Due to this demand for information, and realizing more and more that many folks are truly beginning to care about, and for, their brains; I have launched the ‘Train Your Brain Podcast with Dr. Michael Trayford’. This podcast was designed to deliver practical, everyday tips for building the best brain possible. Some will be familiar and some brand new, although it is the routine application of these tips that will help insulate you from one of the greatest fears of our time – that of a declining brain!
The daily tips will cover evidence-based topics and applications in the areas of physical, cognitive, metabolic, and lifestyle health; all of which impact and dictate the effectiveness of your greatest asset. I hope you will join us, and join in the conversation as we will be taking listener calls and questions, exploring popular topics in greater detail, conducting interviews, and putting listener ideas into action as the series progresses.
So, whether you’re dealing with neurological conditions such as brain injury (TBI), concussion, ADHD, dementia, memory loss, anxiety, depression, MS, Parkinson’s, PTSD, addiction and more; wanting to elevate performance in sports, academics and business; or simply looking to sharpen your mind and prevent or delay cognitive decline – this podcast is for YOU!
You can listen in daily at www.TrainYourBrainPodcast.com and/or subscribe on iTunes by searching for the Train Your Brain Podcast with Dr. Michael Trayford. See you on the air!
Every breath you take, every move you make (enter the distinct guitar sounds of The Police’s wildly popular 1983 hit) is controlled by your brain’s innate timing system. Whether physical movements or production of thoughts, your brain’s ability to time these magical feats appropriately is the difference between unnoticed normal everyday functioning and disastrous consequences.
Most can relate to the impact timing has on the way we move. We’ve all seen someone with Parkinson’s disease or brain injury, or simply decline in function with aging, struggle with what most of us take for granted (i.e. walking, tying shoes, speaking, etc.). Our ability to effortlessly time movement is taken for granted… Until that ability is lost.
On the other hand, it might be a bit more difficult for one to consider that the disorganized thoughts of those with schizophrenia or similar conditions has anything to do with timing. This is in fact a growing area of research where disorganized or uncoordinated thoughts are being related to uncoordinated motor activity such as walking and speech. When movements are improved through various types of physical training, individuals experience more efficient thought processing and communication of these thoughts. Through this lens it is quite easy to see how our thoughts, and even emotions, can be impaired by improper mental timing.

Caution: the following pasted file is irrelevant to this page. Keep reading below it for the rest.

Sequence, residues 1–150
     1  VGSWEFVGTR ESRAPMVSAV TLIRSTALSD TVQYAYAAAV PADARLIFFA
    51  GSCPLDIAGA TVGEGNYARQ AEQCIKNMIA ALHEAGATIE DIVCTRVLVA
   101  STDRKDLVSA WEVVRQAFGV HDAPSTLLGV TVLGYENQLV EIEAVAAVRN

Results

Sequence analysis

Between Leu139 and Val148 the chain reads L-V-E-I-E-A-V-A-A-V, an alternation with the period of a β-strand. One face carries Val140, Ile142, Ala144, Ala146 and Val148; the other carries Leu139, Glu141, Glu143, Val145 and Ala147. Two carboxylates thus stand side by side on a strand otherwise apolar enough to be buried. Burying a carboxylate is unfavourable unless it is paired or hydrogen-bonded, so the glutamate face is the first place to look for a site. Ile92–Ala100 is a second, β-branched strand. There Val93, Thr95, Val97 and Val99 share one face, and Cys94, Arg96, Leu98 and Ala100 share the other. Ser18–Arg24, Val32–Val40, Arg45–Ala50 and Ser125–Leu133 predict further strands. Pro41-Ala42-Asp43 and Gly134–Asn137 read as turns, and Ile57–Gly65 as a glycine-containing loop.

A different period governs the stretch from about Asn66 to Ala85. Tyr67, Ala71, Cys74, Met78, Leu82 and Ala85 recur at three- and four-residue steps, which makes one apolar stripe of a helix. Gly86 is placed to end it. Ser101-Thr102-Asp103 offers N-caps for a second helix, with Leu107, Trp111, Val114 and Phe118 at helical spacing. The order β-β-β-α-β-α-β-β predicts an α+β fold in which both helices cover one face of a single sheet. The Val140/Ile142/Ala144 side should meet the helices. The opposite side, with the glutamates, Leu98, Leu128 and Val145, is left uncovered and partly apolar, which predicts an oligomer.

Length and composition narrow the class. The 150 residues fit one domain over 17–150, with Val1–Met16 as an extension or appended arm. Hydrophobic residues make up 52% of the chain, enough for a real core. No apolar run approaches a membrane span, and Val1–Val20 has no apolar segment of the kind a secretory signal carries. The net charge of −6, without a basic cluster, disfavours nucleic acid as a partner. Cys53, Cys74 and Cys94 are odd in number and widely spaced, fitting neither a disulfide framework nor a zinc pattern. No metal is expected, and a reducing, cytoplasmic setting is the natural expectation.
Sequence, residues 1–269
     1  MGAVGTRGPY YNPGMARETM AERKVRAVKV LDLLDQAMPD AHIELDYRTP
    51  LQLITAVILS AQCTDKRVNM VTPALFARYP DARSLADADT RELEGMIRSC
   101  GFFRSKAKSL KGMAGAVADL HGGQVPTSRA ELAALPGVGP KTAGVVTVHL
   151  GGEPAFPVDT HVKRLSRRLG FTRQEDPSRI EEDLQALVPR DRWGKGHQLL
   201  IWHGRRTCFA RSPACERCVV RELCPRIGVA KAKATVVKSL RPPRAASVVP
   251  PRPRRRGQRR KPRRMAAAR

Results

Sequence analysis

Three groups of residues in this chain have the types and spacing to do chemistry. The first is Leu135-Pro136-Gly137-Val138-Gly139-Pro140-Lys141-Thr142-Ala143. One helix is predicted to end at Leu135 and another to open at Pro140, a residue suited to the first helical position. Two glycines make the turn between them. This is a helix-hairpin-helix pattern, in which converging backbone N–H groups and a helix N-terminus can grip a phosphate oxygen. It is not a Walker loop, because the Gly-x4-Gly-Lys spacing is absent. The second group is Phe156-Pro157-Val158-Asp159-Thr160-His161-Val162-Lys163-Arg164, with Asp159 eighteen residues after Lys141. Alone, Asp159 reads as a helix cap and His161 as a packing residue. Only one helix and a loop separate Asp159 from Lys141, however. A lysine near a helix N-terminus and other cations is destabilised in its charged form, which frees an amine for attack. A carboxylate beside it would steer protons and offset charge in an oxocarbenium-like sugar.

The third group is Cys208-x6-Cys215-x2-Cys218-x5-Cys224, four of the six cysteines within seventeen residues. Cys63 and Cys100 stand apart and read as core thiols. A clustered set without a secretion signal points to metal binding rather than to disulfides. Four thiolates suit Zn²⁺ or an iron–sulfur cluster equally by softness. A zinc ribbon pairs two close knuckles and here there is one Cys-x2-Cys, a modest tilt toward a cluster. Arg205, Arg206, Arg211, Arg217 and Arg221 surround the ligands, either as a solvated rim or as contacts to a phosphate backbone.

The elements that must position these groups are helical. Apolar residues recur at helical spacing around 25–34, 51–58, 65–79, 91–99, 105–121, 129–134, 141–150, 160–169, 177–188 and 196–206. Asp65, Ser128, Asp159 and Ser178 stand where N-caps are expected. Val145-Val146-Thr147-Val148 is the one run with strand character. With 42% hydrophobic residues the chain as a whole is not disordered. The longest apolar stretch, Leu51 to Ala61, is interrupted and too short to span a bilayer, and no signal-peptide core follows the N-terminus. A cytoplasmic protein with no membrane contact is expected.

Can I improve my brain’s timing???
Musicians, dancers and other athletes would tell you… Absolutely! Simply involving yourself in activities that revolve around a regular beat or rhythm (cadence) will help to strengthen your mental timing ability. The obvious here would include activities such as music and dance.
But what if there are problems with my brain???
Previously mentioned brain injury and Parkinson’s disease would be natural barriers to improving timing in the brain. Studies also show that key physical abilities (bio-markers) such as balance and eye movements are impaired in those experiencing cognitive decline with aging. Challenges in these and other abilities will undoubtedly have an impact on our ability to improve timing. Addressing the physical and metabolic aspects of these conditions would be the logical first step in improving mental timing in any situation. For those with severe impairment, and for those looking to be the best they can be, there are other options.
Can my mental timing be measured and improved???
Fortunately, yes! With sophisticated measurement and training tools such as the Interactive Metronome, those with neurological conditions and peak performers alike can have their brain’s timing measured quite accurately. This particular program utilizes auditory (sound) cues to first measure and then train one’s mental timing capacities. Through matching body movements to a standardized metronome beat, the computer software can determine (down to the millisecond) how accurately one is timing. Numerous aspects of timing can be measured including early and late timing tendencies, left vs. right side of body differences, upper vs. lower body timing differences, consistency in timing from one beat to the next, and much more. Armed with this information, experienced clinicians such as those at APEX Brain Centers in Asheville, NC can design and deliver specific Brain Training programs to repair the deficient timing issues to the highest degree possible.
What does this all mean for me???
With intact and efficient mental timing our risk of injury due to falling decreases… Thought processing and problem solving become more efficient… Attention and focus get sharper… Memory formation and retrieval becomes much easier… Certain unwanted behavioral traits improve… Academics and test taking require less effort and produce less anxiety… Our limits of physical performance can skyrocket…